San Francisco’s pro-tenant laws and ethos drive up the cost of renting

Housing in San Francisco is expensive because the City is bounded on three sides by water and on the fourth side by another city.  Housing in San Francisco is expensive because it’s one of the most beautiful and interesting cities in the world, so a lot of people want to live there and are willing to pay a premium to do so.  Housing in San Francisco is expensive because, if you don’t mind a little fog, it’s got a delightfully temperate climate that, like Baby Bear’s porridge, is usually “just right.”

And of course, housing in San Francisco is so expensive because the one-sided municipal and state laws favoring tenants make it extremely risky to be a landlord:

Janet Sluizer knew she was taking a bit of a chance when she turned to Craigslist this summer to find a tenant for her apartment in the Mission. What she didn’t expect was that she’d be spending thousands of dollars in a struggle to evict a roommate who she says hasn’t paid rent beyond the first month.

“This is a nightmare,” Sluizer said.

It’s a nightmare that landlord advocates say is all too common in San Francisco, where 64 percent of residents rent.

“What she’s experiencing is not unusual,” said Janan New, executive director of the San Francisco Apartment Association. “The rental housing market in San Francisco is quite complicated and complex to manage.”

According to New, a combination of confusing rent ordinances and an abundance of free legal resources for tenants make it difficult for inexperienced landlords to evict someone on their own.

“If you attempt to evict a tenant, even if it’s a simple non-pay issue, we recommend you hire an attorney to do that,” New said.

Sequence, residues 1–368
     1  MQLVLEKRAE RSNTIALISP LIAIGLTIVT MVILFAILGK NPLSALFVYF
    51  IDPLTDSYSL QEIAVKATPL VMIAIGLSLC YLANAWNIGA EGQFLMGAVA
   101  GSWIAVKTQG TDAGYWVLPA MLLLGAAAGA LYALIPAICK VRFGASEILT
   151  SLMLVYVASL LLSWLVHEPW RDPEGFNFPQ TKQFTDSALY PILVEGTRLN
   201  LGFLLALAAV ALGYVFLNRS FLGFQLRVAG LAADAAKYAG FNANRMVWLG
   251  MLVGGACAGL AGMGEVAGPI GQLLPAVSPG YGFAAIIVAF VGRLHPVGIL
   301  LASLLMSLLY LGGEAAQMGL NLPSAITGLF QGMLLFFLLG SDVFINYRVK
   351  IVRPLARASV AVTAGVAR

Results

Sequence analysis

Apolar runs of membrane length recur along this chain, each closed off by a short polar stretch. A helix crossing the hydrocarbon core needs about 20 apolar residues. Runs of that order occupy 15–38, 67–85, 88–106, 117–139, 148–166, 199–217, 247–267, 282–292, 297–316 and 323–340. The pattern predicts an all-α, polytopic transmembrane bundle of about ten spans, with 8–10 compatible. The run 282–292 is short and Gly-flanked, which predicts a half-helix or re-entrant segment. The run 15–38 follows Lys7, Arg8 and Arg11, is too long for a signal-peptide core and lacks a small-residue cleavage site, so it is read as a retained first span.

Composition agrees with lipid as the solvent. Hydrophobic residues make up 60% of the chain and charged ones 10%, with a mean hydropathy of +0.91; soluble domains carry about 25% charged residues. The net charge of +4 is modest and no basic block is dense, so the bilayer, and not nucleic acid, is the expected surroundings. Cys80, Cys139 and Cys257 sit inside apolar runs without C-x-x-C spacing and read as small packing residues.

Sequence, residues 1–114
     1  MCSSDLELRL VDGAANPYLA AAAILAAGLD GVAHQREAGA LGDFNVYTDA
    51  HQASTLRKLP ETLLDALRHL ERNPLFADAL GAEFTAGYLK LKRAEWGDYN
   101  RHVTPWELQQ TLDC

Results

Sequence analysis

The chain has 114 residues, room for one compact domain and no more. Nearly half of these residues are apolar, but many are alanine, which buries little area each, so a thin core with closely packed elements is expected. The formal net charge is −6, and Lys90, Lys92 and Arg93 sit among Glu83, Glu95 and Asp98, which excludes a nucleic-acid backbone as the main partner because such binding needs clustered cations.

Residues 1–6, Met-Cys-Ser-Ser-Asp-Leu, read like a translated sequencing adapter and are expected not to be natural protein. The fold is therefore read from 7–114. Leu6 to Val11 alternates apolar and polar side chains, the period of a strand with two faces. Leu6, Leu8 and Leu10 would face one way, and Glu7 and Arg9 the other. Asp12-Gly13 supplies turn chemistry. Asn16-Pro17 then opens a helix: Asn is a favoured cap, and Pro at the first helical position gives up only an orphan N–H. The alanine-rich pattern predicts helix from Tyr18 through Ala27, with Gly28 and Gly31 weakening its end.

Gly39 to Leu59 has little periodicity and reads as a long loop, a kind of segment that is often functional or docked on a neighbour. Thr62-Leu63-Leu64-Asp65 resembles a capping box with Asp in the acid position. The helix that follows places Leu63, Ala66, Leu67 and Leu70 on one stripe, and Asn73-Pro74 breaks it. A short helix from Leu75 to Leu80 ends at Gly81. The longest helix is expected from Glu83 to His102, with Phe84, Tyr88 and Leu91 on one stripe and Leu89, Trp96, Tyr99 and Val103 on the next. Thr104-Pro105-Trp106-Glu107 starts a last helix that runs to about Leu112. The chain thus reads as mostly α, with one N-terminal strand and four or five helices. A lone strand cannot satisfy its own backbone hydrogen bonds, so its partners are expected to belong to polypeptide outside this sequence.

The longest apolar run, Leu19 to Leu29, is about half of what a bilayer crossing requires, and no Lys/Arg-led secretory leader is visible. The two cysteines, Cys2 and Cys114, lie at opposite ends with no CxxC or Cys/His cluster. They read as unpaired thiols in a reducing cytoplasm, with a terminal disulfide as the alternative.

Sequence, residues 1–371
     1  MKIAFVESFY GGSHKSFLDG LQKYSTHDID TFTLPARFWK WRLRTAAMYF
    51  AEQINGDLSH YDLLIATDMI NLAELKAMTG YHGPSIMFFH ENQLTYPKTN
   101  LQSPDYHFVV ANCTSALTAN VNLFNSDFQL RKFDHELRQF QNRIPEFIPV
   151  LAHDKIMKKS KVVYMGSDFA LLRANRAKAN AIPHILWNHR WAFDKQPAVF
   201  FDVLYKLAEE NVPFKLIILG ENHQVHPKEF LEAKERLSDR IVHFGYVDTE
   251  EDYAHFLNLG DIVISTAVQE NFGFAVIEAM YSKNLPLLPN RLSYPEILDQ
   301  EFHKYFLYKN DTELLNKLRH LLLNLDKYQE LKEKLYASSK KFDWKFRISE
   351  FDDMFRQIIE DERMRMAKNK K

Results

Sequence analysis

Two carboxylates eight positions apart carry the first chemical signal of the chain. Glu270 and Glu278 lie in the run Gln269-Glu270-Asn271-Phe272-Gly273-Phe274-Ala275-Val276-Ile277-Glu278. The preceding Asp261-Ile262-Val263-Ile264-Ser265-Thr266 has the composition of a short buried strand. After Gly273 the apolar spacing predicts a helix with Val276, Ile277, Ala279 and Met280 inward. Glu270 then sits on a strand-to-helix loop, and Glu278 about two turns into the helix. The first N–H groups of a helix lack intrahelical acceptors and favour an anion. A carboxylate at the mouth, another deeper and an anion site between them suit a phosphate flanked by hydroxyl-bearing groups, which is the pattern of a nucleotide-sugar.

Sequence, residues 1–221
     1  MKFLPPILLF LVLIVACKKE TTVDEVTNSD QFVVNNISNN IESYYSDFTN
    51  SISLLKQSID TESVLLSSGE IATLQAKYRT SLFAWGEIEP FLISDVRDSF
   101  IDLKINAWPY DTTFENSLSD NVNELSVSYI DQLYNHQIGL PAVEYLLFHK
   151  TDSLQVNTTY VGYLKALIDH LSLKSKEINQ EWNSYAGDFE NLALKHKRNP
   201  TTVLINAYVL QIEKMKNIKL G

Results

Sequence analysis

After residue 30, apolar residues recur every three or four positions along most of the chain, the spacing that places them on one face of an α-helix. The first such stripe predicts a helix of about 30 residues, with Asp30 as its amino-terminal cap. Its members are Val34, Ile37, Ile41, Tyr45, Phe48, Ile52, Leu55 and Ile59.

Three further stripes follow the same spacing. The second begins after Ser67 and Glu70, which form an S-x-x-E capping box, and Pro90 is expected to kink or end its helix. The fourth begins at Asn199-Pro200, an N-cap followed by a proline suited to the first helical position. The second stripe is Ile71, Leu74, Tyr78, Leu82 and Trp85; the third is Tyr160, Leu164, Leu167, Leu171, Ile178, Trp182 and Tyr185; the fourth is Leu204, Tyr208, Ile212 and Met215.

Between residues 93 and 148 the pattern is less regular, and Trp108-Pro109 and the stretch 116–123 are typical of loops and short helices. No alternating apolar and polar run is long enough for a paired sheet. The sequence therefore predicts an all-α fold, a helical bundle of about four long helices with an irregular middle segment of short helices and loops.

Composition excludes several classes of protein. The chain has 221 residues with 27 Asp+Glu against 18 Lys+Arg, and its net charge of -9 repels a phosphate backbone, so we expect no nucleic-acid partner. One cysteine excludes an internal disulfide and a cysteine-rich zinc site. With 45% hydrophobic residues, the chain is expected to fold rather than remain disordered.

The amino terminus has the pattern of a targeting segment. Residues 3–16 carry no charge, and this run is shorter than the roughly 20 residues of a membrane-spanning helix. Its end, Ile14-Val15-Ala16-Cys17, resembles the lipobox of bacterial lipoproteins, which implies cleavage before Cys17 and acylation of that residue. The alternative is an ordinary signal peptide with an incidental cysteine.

Read the whole painful story here.  I can assure you that this is not an unusual San Francisco story.  I knew a couple that spent five years and about $100,000 to evict a tenant.  Interestingly, the tenant wasn’t even their tenant.  They’d rented the apartment to Guy One, whose boyfriend, Guy Two, moved in with him.  When Guy One died of AIDS, Guy Two refused to leave.  Instead, he had his boyfriend, Guy Three, move in with him.  Guy Two then died of AIDS, leaving Guy Three in possession.  The landlords decided it was high time they regain control over their property, especially since Guy Three found rent an unreasonable obligation.  And so began their five year odyssey.  When they regained the property, they sold it.

Another landlord didn’t even bother with the fight.  She simply sold the property, complete with horrible tenant, and gave the buyer a $50,000 discount.  The buyer, a friend of mine, discovered even that wasn’t such a great bargain, as it took him another two years to get the tenant out so he and his family could move in.  Meanwhile, they had to pay mortgage, rent, and legal fees.

I used to do pro bono legal work for people with AIDS.  I had imagined helping them optimize their SSI and other benefits.  What I ended up doing for these guys — for free — was helping them stiff their landlords.  After my third go-round, I withdrew my name from the pro bono pool.  I didn’t have the stomach to engage in this kind of perfectly legal landlord screwing.

It’s no wonder that San Francisco landlords charge high rents.  They need those high rents to help pay their almost inevitable legal fees.